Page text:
Originally Posted by markson33
Allegheny Center was brought about by the concept that government planners knew what was best; the very concept that you are now championing.
Another thing... this is totally NOT what I have been "championing". As you'll see in my post that you replied to, I specifically stated: city government is every bit as complicit in flawed development as private developers are, if not more so.
Government planners had much to do with the Allegheny Center (like so many other failed 1960s urban redevelopment initiatives across the nation), but remember, it was an Alcoa project. Planning mistakes are the fault of both public and private players.
Originally Posted by glowrock
I guess I don't share the same hatred for the Buncher properties as most others here... While I certainly agree that the Seagate building isn't the highest and best use for that particular piece of land, I'm not against it being there. Same goes for the Hampton Inn across from the Heinz History Center...
All of this being said, I think it's still going to take time for many of those people in city government to get over the notion that they have to take anything they're given in terms of development because Pittsburgh's still a dying city and start being more choosy once again. Too much "old blood" is likely at work here, not enough forward-thinkers and "new blood"...
It takes a long time for old habits and old notions to change. It takes a long time for old dogs to learn new tricks, and I think that's more or less what we're dealing with here.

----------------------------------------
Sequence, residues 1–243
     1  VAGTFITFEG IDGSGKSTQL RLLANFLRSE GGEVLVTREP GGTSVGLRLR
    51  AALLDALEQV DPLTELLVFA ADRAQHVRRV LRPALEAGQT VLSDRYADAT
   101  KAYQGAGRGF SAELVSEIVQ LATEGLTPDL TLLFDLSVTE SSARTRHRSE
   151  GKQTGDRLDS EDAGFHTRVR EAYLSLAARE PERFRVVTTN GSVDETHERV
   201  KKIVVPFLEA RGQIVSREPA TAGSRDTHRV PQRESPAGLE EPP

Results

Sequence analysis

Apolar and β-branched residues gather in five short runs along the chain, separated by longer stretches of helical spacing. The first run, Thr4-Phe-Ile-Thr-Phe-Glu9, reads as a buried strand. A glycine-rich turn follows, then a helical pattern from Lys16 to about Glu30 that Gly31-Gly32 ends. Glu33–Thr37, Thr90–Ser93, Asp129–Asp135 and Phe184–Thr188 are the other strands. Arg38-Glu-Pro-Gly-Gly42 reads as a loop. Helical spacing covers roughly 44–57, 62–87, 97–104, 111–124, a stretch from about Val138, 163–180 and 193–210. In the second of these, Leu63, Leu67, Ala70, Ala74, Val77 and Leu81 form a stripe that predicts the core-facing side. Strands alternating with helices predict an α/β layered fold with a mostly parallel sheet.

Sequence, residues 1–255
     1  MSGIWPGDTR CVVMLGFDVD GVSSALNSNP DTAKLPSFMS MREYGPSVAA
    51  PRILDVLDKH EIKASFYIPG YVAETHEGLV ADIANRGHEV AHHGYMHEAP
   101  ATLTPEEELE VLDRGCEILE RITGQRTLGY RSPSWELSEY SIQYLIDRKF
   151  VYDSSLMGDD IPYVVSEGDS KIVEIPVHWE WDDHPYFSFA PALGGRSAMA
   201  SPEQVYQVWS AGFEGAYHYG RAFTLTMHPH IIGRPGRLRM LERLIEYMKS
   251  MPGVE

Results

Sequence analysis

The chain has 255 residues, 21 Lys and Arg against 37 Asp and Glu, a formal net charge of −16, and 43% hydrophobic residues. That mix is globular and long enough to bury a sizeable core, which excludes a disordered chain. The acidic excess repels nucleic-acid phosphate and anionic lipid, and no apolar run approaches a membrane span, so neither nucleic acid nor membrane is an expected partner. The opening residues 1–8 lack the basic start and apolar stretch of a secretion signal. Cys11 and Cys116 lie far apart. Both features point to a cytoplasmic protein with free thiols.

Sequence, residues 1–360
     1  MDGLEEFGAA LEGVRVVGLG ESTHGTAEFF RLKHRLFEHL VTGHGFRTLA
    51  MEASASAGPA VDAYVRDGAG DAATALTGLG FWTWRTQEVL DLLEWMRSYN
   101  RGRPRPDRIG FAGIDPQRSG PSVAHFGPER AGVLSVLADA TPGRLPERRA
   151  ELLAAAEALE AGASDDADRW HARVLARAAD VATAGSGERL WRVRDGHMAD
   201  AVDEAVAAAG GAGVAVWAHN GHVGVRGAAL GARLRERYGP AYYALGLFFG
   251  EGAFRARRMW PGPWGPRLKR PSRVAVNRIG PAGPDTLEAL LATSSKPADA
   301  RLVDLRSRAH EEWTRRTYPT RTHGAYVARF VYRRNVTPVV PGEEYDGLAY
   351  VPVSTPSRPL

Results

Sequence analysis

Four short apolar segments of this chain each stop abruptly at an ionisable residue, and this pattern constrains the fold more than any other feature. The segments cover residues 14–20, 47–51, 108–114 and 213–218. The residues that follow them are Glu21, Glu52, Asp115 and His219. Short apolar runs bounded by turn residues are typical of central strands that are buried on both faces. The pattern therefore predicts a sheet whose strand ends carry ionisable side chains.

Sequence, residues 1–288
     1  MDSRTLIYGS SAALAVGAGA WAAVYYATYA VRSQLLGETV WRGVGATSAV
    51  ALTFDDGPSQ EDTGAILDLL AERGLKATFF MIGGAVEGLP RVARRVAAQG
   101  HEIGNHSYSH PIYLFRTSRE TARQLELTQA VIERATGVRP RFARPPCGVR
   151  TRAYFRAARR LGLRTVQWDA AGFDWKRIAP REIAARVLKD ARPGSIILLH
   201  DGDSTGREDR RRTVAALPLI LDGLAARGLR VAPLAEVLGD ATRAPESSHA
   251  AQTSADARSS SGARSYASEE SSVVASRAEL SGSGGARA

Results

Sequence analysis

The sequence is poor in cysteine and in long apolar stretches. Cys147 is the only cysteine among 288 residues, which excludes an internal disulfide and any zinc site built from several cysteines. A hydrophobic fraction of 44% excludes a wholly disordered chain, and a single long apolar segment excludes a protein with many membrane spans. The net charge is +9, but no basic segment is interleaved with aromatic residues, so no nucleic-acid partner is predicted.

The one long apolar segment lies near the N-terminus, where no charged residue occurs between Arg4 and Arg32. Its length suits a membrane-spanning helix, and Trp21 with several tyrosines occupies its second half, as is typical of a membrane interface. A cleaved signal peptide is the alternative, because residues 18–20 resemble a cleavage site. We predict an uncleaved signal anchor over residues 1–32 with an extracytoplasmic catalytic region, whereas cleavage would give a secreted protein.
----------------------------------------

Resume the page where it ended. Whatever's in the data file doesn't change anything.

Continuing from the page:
Those really weren't the Buncher properties I was initially talking about. In comparison to most of the other Buncher crap, those are urban gems. Buncher loves to build skyscrapers on their sides.
Liberty Commons in the Strip is just okay...
But my favorite has to be Gateway View Plaza -- it offers stunning views of the confluence of the three rivers and downtown in what is likely the worst use of valuable land in the Pittsburgh region. Buncher is notorious for it. It is warehouse/distribution space located on a most valuable piece of property in the center of the city -- and there is no reason for it to be there! It is a truck distribution facility, with no connections for rail or river transport. Not only is the land wasted on this, but the associated semi traffic contributes greatly to bottlenecks at Carson St., Ft. Pitt bridge/tunnel, 279, West End circle, etc.
You're correct in that Pittsburgh was basically in an economic depression and it took whatever it could get (this happened in a lot of cities in this area of the country). The thing is, Pittsburgh has had a long time (a very long time, actually) to learn from past mistakes, and has to start demanding more sound development.
If Pittsburgh's positive economic outlook is not just hype, then the city should have the ability to provide a fair, development-friendly (but not overly-restrictive) framework in which developers must operate in. Because if they can make money here based on what everyone is saying about Pittsburgh's resurgence, then they're going to want to do business here whether city planning plays a role in their developments or not. Providing the right incentives for developers to work towards a plan goes a long way towards spurring additional development.
Originally Posted by BrianTH
That sort of land banking is best addressed with economic incentives to develop. You can start with shifting to a higher property tax rate on land rather than improved properties, with realistic, up-to-date land-value assessments.
True. PA's property tax code is antiquated beyond belief and has much to do with destruction of properties in favor of empty lots and/or detrimental uses of the land.